Crafting the perfect wedding day timeline is the best way to avoid wedding day stress! I know this isn’t the most exciting aspect of the day. This is the one thing that can make or break the types of photographs you’re able to capture though. In this post I’ll outline how I would approach a wedding day working off of a 5pm ceremony time frame. This timeline is also based on a wedding day that includes a first look.
If you’d rather not see each other before the ceremony, the group portraits with you together will be done during your cocktail hour. Of course, all wedding days are different and your timeline may differ due to travel times and unique situations, hopefully this can still help!
Your bridal details are an important part of the story and I love having some time to shoot the dress, shoes, jewelry, invitations, etc. I typically allocate at least 45 minutes for this part of the day. This is also a great time to take some shots of you and your bridesmaids getting ready. If the groom is getting ready nearby, your photographer can jump back and forth to capture images of the groomsmen while you’re getting dressed. If you’d like extensive groom getting-ready coverage, or your groom is getting ready at a different location, I would recommend having a second photographer.
After the details have been photographed, it’s time for you to get into your dress! This is a good time for the mother of the bride and your bridesmaids to get dressed, too. After you’re in your gown, you can put on your jewelry, veil, shoes, etc. This is when I would capture moments with your bridesmaids, mom and other loved ones.
This is one of my favorite parts of the wedding day! Your photographer should help you find try to pick a picturesque, accessible location that feels as private and secluded as possible.
For more information why I always recommend a first look, click here.
As you enjoy the special moments after your first look, this is a great time to also take a few romantic portraits. While that’s happening, the bridal party can start making their way to you for bridal party portraits.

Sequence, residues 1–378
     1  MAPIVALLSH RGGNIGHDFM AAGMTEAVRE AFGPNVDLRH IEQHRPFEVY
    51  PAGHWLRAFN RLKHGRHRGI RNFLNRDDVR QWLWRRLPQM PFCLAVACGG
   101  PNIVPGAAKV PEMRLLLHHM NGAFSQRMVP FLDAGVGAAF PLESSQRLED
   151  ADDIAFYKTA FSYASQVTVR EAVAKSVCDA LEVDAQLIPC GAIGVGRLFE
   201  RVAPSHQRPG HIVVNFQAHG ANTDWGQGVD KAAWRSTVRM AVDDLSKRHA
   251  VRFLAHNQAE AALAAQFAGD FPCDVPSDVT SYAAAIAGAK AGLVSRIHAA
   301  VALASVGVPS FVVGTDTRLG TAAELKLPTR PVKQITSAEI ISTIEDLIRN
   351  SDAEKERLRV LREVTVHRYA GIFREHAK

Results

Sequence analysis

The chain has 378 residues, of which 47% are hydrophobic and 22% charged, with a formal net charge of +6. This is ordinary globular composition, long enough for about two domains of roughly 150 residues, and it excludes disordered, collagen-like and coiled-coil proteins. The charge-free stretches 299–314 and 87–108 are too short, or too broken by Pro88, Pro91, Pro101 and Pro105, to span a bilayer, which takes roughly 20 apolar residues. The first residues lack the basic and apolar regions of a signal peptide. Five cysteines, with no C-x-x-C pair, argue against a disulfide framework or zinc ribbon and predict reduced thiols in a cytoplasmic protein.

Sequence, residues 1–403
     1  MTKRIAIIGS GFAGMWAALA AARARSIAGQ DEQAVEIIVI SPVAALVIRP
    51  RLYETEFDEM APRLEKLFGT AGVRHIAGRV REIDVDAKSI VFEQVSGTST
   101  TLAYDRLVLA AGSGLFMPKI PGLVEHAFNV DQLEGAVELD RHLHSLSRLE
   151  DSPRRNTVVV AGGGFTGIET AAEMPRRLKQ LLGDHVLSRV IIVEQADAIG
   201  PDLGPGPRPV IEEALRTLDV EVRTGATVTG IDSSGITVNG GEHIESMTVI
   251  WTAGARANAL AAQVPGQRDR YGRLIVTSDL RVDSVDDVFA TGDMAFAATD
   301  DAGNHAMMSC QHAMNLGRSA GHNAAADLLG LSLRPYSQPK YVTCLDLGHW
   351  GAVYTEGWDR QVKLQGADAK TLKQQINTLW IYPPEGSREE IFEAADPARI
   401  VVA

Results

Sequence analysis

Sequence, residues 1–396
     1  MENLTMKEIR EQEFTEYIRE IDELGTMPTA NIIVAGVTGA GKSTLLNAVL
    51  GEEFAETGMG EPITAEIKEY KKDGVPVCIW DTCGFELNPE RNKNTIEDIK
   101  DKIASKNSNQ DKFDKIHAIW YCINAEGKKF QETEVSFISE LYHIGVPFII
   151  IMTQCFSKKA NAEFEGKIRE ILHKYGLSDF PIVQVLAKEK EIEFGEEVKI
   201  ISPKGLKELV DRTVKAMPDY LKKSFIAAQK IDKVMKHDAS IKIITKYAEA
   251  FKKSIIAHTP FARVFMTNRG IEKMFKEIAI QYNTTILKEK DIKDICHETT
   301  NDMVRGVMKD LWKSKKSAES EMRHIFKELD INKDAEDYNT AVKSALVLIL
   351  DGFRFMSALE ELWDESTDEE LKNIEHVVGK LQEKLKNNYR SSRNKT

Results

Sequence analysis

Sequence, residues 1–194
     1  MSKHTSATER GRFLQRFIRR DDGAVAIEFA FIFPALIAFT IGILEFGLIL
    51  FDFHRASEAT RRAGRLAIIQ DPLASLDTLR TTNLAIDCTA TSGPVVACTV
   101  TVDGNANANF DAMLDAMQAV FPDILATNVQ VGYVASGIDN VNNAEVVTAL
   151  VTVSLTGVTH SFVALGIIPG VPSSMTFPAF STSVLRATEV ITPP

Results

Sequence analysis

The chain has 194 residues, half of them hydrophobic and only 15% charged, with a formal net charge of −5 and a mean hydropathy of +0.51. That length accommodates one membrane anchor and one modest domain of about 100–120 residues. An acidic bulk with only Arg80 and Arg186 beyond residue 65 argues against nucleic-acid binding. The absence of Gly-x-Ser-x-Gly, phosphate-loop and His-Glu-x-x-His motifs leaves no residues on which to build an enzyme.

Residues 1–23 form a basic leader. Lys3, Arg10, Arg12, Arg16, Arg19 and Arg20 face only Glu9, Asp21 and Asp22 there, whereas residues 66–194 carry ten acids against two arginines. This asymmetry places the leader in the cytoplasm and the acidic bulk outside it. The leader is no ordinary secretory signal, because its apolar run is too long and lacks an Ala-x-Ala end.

Now it’s time for the bridal party! You can take some great shots of the bridesmaids and groomsmen separately and together. Here’s a pro tip: One way to make sure we stay on schedule for bridal party portraits is to ask someone to put the boutonnieres on the guys before they arrive for portraits.
This time can also also be used to capture formal portraits of your immediate family, so you don’t have to spend much time taking pictures during your cocktail hour!
At this point you should separate and begin to prepare for your ceremony. Some time away from each other before your ceremony helps re-build the anticipation—it will start to feel like you’ve yet to see each other again!
If the reception is in the same location as the ceremony, this is a great time for your photographer to shoot the reception decor untouched. If the ceremony and reception are in different locations, I recommend having a cocktail hour outside of the main reception area. This ensures you will have some great images of your reception before the night begins and guests start laying down purses and coats on their seats!
It’s time to get married! Most ceremonies are about 30 minutes long. If your ceremony is longer than 30 minutes, or you plan on having a receiving line, you can make adjustments to the timeline. Cherish these moments—your ceremony will pass by so quickly!
Here are some of my top tips to ensure you have the most photogenic ceremony possible.
The rest of the family formals normally take place immediately following the ceremony, since all family members will be present at that time.
You should typically allocate about 30-45 minutes for your family pictures. To make this process as smooth as possible, I send a questionnaire before the wedding so you can list out the family combinations that you’d like, and to make sure we don’t miss anybody. I always try to capture these portraits outdoors if possible so they have a lighter and more natural feel, especially if the ceremony location will be dark.
This time will change depending on the time of year. The best time for these photographs is during the hour before sunset. This is when the sun is glowy and golden, and the light is at its best. These photographs are often some of the favorite images from the day!
At this point, the timeline is often more relaxed. Often your photographer’s approach becomes more photojournalistic—they’ll just be capturing things as they happen. I typically include enough coverage so that I can be present for the main events of the reception and about an hour or two of dancing.
A solid wedding day timeline not only will ensure amazing photographs, but also reduced stress! I hope these tips will help you ensure that your wedding day flows smoothly, so you can spend the day focusing on the things that really matter.